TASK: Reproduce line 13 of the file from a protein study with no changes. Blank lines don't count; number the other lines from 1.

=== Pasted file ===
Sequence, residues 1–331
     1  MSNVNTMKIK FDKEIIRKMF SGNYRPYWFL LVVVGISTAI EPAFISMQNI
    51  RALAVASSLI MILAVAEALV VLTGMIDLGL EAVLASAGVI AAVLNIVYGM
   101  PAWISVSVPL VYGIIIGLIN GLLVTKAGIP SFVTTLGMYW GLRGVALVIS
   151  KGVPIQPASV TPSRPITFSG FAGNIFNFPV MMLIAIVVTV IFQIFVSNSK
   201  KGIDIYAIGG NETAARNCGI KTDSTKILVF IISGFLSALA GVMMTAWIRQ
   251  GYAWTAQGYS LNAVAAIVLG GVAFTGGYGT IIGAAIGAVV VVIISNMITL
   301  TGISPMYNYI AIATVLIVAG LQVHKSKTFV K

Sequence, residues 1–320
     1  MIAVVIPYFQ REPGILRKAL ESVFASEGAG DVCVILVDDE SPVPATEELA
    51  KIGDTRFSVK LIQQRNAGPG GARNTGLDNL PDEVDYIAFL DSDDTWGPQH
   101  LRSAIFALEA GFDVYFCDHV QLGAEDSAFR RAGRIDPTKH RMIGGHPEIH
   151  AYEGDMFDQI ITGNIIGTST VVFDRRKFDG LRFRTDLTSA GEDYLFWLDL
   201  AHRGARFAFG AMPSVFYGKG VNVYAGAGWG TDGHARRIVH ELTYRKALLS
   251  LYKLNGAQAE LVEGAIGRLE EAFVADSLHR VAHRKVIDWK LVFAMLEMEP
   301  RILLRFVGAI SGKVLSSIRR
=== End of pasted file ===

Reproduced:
   151  AYEGDMFDQI ITGNIIGTST VVFDRRKFDG LRFRTDLTSA GEDYLFWLDL